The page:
You can’t manufacture salvation. But you can show people God’s love.
Parents, what you can do is show the love of God to your children. This starts by helping them see their present struggles as God’s concern. Sit down with your children. Talk to them. Show them grace.
As you do this, the gospel will come to life. Because the gospel doesn’t just inform salvation. It informs everything. Addictions. Temptations. Identity issues. And once your children see that God walks with them through their struggles, they will have a stronger desire to give their lives to him.
3. They need you to answer the questions they are asking.
Today’s culture is extremely complicated and complex. Young people see everything. Information (good and bad) is available on-demand. And as young people battle with difficult questions about sexuality and social issues, among many other things, the world is forming their perspective. Every article. Every conversation. Every video.
It is more important than ever that parents open up space to discuss difficult topics. It’s time to stop turning a blind eye to the questions prevalent in the lives of your kids. Naivety is not an excuse. Awkwardness and tension won’t work as excuses either.
I never had a conversation (at least not one I remember) with any [an] adult about sex growing up. Nothing about lust. Nothing about God’s design for purity. Nothing about masturbation. I never had a conversation about alcohol. I was battling these questions, but Christians weren’t there to give me answers. So, I tried to figure it out myself. You can only imagine how that worked out for me.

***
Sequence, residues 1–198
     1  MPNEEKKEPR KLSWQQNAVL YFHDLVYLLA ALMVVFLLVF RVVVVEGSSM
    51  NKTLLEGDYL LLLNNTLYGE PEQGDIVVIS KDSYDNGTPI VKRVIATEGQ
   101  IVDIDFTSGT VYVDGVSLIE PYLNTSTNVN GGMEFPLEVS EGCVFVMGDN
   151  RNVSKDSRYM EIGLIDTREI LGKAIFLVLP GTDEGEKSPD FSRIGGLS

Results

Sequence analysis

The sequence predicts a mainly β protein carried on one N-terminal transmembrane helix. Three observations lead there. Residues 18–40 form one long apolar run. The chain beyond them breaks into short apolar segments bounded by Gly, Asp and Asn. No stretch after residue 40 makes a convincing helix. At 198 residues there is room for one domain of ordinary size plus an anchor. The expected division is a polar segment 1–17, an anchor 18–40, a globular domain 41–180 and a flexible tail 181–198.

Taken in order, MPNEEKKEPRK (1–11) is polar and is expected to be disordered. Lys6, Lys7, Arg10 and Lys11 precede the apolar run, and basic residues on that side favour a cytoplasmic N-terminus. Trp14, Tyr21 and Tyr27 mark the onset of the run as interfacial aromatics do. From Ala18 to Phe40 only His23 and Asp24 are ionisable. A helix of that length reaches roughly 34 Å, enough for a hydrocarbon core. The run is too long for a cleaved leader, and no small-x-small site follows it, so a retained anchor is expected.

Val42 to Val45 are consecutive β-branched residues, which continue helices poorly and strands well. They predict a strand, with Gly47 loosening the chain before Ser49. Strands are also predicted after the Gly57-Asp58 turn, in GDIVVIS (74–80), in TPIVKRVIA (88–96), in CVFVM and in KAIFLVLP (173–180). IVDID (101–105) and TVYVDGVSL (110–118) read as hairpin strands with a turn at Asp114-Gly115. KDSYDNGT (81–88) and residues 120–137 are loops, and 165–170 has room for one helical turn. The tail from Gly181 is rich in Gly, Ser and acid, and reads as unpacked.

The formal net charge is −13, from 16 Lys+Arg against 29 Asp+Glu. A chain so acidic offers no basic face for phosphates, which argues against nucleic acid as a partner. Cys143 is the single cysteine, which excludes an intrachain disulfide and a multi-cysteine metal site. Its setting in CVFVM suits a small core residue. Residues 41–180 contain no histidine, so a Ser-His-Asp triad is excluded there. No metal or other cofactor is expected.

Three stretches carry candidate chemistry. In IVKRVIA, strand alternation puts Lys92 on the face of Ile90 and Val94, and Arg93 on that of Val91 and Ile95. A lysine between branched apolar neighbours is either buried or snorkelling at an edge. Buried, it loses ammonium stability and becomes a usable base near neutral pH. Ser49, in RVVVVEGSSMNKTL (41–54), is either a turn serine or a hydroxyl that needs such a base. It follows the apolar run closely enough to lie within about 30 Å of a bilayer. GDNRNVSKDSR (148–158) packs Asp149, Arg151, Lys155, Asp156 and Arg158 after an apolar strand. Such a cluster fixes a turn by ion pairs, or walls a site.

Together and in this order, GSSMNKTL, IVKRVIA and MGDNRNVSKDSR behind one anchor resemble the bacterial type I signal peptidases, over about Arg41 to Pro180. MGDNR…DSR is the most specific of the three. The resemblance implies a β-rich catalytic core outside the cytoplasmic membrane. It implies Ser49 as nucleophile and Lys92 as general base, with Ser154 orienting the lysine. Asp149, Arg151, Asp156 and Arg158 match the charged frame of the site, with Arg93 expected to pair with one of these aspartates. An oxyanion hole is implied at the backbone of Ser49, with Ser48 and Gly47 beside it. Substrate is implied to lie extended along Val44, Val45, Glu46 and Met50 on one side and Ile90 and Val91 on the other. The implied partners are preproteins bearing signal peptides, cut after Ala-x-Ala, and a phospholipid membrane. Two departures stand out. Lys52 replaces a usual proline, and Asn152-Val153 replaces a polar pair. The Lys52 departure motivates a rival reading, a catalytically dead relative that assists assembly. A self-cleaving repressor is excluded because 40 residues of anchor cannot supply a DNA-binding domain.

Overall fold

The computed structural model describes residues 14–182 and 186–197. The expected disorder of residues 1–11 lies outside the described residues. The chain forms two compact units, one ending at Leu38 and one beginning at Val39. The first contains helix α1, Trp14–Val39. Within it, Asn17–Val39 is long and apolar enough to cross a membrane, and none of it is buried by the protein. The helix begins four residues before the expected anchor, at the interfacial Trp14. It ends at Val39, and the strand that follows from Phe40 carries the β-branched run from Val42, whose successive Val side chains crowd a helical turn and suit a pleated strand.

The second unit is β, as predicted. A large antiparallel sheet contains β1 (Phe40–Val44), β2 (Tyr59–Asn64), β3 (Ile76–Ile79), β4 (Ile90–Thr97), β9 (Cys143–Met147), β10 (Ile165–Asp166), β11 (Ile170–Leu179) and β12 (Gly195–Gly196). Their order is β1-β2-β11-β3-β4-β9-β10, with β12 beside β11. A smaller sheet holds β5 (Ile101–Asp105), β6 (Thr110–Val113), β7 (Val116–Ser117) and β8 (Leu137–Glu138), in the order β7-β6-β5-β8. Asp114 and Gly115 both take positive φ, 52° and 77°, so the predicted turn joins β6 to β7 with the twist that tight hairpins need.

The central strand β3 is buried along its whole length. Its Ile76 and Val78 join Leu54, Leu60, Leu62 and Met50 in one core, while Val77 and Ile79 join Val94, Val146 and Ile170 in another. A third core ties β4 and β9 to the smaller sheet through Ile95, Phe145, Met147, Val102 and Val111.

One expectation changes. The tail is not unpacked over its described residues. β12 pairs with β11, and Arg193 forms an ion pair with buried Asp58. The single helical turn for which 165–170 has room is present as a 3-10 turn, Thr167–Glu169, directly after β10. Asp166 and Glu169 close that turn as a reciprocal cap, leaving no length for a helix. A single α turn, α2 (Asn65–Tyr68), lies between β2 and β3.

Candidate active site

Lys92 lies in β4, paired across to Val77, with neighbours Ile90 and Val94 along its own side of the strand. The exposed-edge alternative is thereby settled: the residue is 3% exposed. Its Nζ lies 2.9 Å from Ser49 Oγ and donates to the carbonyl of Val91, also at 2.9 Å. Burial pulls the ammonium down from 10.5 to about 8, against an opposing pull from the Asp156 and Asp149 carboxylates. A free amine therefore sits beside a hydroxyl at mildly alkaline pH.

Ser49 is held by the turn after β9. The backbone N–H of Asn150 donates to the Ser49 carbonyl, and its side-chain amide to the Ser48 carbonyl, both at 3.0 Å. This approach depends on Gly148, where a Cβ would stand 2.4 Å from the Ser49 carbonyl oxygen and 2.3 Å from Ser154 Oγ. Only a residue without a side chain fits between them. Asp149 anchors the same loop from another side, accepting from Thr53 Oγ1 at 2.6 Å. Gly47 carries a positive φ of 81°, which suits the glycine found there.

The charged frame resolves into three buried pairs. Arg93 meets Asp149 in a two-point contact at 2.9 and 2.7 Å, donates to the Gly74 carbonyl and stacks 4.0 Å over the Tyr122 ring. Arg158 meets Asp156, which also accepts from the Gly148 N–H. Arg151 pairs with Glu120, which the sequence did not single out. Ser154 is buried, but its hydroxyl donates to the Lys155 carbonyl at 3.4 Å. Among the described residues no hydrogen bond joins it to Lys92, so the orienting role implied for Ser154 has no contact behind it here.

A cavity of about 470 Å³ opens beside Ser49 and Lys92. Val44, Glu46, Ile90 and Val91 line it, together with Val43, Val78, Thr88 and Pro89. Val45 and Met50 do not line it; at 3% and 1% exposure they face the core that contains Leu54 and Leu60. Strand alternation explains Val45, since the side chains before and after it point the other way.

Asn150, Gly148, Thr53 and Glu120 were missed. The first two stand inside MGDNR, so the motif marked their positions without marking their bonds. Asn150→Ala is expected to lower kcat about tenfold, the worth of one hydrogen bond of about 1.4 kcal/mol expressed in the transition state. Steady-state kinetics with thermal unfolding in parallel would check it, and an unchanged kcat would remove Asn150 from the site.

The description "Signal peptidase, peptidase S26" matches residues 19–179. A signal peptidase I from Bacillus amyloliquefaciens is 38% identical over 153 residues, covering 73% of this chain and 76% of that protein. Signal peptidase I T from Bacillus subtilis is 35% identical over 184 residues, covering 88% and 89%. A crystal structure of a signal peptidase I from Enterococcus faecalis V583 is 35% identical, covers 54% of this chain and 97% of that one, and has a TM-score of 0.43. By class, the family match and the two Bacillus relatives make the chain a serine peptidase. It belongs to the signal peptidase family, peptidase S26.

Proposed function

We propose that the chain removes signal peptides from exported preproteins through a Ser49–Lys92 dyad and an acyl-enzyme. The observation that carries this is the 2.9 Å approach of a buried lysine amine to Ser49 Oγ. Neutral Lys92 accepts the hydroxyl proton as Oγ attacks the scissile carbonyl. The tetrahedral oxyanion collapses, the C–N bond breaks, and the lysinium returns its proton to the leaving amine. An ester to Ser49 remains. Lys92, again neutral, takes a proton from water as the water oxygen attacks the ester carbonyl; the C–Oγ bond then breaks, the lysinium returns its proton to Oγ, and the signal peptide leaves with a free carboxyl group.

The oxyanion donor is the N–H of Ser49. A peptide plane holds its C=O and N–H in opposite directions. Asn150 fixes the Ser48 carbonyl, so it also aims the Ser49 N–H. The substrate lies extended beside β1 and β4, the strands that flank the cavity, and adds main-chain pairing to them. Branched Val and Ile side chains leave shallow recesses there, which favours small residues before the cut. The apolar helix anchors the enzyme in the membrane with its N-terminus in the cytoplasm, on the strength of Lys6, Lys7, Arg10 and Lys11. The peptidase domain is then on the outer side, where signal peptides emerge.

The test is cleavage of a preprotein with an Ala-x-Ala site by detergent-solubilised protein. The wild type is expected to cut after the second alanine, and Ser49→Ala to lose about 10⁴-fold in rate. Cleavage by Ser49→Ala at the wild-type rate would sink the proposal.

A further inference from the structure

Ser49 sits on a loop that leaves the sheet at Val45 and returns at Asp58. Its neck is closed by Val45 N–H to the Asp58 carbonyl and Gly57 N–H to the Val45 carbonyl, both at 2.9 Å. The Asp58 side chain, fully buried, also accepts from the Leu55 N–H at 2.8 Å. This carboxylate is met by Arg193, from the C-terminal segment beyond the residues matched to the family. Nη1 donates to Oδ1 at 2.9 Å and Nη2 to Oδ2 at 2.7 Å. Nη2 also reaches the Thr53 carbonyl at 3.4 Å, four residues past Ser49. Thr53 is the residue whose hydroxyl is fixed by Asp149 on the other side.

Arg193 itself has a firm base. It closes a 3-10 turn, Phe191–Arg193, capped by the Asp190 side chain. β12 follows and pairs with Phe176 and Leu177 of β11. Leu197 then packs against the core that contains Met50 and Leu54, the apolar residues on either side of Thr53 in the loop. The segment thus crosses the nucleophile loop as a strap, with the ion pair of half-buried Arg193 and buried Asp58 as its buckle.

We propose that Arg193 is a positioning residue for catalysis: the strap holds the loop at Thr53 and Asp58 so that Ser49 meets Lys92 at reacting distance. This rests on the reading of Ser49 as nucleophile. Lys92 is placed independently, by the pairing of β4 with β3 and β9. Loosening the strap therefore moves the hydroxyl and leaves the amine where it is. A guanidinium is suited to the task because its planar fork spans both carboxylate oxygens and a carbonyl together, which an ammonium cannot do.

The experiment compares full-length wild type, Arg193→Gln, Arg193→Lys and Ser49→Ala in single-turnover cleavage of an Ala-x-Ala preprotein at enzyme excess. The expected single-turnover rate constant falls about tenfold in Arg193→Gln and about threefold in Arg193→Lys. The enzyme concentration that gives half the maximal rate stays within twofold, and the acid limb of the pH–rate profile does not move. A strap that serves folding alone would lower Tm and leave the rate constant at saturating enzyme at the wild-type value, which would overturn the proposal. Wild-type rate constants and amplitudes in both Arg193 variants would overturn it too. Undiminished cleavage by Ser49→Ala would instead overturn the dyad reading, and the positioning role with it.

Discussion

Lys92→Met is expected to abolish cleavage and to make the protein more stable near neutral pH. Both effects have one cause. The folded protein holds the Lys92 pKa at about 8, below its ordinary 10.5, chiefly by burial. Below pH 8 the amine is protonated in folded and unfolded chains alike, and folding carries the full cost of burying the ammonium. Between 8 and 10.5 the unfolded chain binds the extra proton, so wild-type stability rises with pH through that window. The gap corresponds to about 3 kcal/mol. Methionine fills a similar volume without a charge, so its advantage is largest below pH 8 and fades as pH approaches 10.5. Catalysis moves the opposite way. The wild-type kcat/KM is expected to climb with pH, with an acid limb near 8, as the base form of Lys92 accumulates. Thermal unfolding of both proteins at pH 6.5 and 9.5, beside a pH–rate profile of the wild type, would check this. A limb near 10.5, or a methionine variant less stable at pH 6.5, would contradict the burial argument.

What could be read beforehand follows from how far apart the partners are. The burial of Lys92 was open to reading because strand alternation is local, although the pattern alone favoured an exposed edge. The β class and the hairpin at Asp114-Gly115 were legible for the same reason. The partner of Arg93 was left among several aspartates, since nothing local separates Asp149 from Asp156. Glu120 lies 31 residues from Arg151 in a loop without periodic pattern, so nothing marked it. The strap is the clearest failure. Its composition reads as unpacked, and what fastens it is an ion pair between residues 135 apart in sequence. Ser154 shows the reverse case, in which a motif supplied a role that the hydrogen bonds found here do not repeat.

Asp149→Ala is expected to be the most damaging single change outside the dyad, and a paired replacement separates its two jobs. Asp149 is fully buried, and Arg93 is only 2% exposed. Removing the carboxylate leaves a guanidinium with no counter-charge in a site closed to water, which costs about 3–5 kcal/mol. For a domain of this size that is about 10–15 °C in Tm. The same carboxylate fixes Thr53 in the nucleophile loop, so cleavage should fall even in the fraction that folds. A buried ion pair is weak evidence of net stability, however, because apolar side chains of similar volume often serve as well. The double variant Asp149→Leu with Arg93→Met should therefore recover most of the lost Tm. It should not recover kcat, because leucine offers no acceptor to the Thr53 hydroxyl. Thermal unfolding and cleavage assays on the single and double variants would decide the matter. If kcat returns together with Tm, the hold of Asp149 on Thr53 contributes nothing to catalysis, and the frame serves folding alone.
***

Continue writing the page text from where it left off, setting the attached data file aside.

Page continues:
Yes, these conversations are awkward. Yes, they create tension. But your children are asking them. Unless you create space for the hard questions, they will turn to other sources for answers. And that usually doesn’t end well.
4. They need you to stop protecting them.
The world is broken. No argument from me there. It seems as though our world is more sinful than ever.
But I wonder what the response would be if the same microscope were placed on cities like Ephesus and Corinth? During the time of Paul, Ephesus was overtaken by witchcraft. Every spring, roughly 1,000,000 people traveled to the temple of Artemis, which was filled with prostitutes. Let’s just say these people weren’t going to the temple to talk about the weather.
To top it off, Ephesus hosted the Festival of Dionysus, a keg party that would have laughed in the face of any St. Paddy’s Day party you have thrown (not that you would do that sort of thing).
So, how does Paul instruct the Ephesians to respond in the midst of a culture blanketed with sin? He tells them to put on the armor of God (Eph. 6:10-20). In other words, jump in the fight. Paul didn’t understand a theology of retreat. There is no such thing. He expected the Christians in Ephesus to engage the culture, not run from it.
When the ultimate goal is to make sure our children never experience the evils of the world, we not only do them an injustice socially, we rob them of seeing the gospel’s transformative power.
As a parent, your goal should not be to teach your kids how to flee from evil. Your goal should be to show them how to engage it. For the glory of God. In those spaces, they will see the gospel. And it will become real.
5. They need to see God as more than rules and church attendance.
Every decision, every thought, and every action comes down to this: in whom do I place my trust? –Kara Powell
Looking back on my childhood, this was the most important factor in my faith as I transitioned into college. I needed to see that my parents trusted the promises of God. I needed to see that my parents made decisions as though God was real and alive, not a set of rules or a list of “do’s and don’ts.” I got that from my mom. Not so much from my dad.
And until God surrounded me with men who modeled an unwavering trust in Him, I thought following Jesus was just a piece of the puzzle.